The Risks and Rewards of Going Solar

 

Over the past 15 years, local, state, and federal solar incentives have provided financial fuel for businesses to initiate and expand their renewable portfolios. Anything from tax credits, rebates, renewable energy credits, and the ability to accelerate the depreciation of these assets are all available for businesses that use renewable energy.

The Risks and Rewards of Going Solar

These incentives combined with the drive for clean energy initiative has led to high-profile, big-box retailers installing rooftop solar array after array on their facilities across the country. Were these roofs the best candidates for solar? The reality was that these rooftop solar arrays were being installed on buildings where the lease term outlasted the roof itself by five years or more. These companies engaged in long-term leases which most often contained clauses with big penalties for early termination. Many found themselves in a financial bind, faced with not only the exorbitant cost of replacing a roof but with additional fees from the leaseholder. So, what should a company consider when installing rooftop solar? First, there’s the issue of deciding how to pay. Do you finance? There are three common options to consider:

  • Ownership: Pay for all equipment and labor, then own, operate, and maintain the asset. The initial cost is high, but you’ll realize the financial incentives yourself and usually experience a payback period of well less than 10 years.
  • Lease: Engage a third-party solar developer or financial institution and lease the asset. You will usually have no out of pocket expenses, but the leaseholder realizes the financial incentives instead of you.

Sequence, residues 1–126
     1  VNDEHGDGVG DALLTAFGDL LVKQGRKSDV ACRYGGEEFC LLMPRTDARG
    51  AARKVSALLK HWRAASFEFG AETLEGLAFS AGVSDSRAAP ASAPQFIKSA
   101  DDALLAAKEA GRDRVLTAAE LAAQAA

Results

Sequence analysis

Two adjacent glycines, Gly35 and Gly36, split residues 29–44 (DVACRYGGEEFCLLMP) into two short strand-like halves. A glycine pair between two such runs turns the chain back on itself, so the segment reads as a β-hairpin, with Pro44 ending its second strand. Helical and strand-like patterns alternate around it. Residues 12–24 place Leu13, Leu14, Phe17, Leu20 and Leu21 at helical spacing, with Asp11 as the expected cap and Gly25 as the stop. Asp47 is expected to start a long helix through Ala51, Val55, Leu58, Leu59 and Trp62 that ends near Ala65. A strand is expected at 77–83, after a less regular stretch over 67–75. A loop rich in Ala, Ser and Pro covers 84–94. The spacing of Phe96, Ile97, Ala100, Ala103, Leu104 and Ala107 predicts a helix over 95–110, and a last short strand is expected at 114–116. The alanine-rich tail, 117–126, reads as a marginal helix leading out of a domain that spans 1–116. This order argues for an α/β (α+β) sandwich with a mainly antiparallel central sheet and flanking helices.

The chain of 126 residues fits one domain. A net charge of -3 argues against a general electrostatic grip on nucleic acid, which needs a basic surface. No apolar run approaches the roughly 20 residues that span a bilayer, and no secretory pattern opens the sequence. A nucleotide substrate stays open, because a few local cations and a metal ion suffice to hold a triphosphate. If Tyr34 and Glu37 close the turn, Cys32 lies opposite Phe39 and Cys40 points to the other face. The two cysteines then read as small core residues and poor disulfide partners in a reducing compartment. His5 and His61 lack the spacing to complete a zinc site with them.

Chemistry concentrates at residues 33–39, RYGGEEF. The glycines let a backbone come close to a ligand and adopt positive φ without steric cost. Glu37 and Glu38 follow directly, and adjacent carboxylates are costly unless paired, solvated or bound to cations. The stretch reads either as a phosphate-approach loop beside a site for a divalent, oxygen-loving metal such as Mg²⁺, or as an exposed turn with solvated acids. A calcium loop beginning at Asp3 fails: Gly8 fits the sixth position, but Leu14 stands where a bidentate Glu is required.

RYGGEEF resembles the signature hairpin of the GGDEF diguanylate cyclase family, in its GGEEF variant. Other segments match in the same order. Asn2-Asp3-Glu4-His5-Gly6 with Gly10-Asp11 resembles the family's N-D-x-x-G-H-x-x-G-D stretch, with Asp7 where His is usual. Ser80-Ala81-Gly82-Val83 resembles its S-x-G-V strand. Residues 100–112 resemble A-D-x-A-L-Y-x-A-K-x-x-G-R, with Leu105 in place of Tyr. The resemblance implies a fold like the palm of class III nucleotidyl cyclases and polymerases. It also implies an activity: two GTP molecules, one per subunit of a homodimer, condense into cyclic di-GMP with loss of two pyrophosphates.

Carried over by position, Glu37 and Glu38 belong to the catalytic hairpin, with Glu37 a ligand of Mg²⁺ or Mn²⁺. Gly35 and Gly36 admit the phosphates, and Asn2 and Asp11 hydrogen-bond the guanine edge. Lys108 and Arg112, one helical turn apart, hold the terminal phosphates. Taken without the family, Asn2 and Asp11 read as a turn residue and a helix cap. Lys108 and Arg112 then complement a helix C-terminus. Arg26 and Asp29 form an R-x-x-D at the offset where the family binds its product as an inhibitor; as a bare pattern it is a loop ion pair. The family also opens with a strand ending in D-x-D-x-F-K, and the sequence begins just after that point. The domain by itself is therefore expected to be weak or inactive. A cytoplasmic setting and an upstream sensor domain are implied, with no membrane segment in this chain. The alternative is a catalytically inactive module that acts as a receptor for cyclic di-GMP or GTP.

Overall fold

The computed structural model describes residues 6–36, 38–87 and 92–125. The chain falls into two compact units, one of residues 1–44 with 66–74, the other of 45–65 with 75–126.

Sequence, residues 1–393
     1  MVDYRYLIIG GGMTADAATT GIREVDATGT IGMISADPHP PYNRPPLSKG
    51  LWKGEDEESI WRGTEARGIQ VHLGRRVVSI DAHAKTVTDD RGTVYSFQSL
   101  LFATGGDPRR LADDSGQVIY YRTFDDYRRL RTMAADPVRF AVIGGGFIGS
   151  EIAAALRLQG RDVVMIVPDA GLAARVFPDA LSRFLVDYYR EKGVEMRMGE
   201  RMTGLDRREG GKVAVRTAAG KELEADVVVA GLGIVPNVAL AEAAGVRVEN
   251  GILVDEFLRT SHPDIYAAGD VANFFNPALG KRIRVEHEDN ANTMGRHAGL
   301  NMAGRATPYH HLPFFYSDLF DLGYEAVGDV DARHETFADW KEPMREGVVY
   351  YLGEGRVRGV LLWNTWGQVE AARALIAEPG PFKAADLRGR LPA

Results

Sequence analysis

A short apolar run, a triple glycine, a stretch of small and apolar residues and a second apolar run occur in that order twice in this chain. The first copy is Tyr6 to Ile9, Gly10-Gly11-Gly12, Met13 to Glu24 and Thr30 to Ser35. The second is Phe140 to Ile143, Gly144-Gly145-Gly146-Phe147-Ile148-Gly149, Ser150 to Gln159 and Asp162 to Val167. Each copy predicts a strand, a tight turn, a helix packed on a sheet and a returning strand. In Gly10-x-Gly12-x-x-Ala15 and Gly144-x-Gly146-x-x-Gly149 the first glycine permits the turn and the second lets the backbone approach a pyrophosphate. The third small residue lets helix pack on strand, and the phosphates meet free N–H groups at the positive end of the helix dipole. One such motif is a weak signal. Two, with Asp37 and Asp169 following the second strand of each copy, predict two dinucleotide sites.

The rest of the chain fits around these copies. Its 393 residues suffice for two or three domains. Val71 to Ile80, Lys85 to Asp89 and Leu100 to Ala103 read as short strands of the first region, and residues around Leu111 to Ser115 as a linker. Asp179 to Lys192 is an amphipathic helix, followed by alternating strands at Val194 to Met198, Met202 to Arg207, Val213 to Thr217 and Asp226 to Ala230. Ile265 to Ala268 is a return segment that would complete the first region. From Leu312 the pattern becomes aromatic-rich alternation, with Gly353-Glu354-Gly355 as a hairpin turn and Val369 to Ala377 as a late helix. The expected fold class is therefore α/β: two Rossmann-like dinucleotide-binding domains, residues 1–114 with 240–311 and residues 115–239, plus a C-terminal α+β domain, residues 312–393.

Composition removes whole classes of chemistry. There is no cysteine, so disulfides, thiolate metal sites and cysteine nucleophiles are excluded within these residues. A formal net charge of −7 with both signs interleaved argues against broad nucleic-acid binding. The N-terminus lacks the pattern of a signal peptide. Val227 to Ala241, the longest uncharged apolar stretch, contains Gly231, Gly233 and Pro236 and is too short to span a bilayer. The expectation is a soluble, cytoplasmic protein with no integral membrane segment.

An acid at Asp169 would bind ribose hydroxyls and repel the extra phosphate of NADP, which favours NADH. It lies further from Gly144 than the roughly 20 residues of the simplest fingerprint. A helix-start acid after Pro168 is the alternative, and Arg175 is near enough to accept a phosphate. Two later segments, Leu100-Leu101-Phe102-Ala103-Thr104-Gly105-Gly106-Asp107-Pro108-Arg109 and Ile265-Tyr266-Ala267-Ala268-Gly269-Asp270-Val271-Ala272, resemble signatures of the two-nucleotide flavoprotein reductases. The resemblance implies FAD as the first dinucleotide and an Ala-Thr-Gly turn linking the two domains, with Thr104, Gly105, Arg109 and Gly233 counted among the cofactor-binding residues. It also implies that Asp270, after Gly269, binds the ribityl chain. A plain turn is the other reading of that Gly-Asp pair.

• Power Purchase Agreement (PPA): This option generally includes a third-party solar developer who pays for, then owns, operates, and maintains the asset. The building owner will have no out of pocket expenses, but simply agrees to a PPA contract, and purchases the energy produced at a fixed cost for 15-20 years. The developer again enjoys the available financial incentives.

After payment, it’s important to consider your roof assets themselves and how they fit into the big picture:

  • What’s the feasibility of the roof including the age, condition, and life expectancy?
  • What are the contractual terms including penalties and fees?
  • How do you plan to balance your sustainability and economic goals?
  • What’s the best timing for the project?
  • What’s the best way to protect the roof during a construction project?

But what if it’s already too late? What if you are looking at anywhere between $350,000 and $800,000 in cost to remove and replace the arrays to perform roof replacements per facility. And you have 250 facilities, and a total of at least $88M to remove these arrays to extend their remaining service life. But did all these roofs really need replacing? Can the company engage in an ongoing maintenance plan that would ensure the roofs’ remaining service life would meet or exceed the accompanying solar contract? With our unique system knowledge, analytics, and expert roofing consultants, we can tell you the answer is ‘yes’.

Final thoughts

The net savings per facility would be around $300,000. And while not every roof could be saved, the savings will more than offset costs on the failing roof systems. We use this strategic approach and view to assess all our client situations and assets. We are here to help you identify all of your options and the financial implications of each of those options. In the meantime, you can do the little things such as regular maintenance and working with a roofing consultant to keep the roof clear of debris. You also need to identify and repair damages as they are identified. By extending the life of the roof as much as possible, it will be easier to find a sustainable solution when needed.

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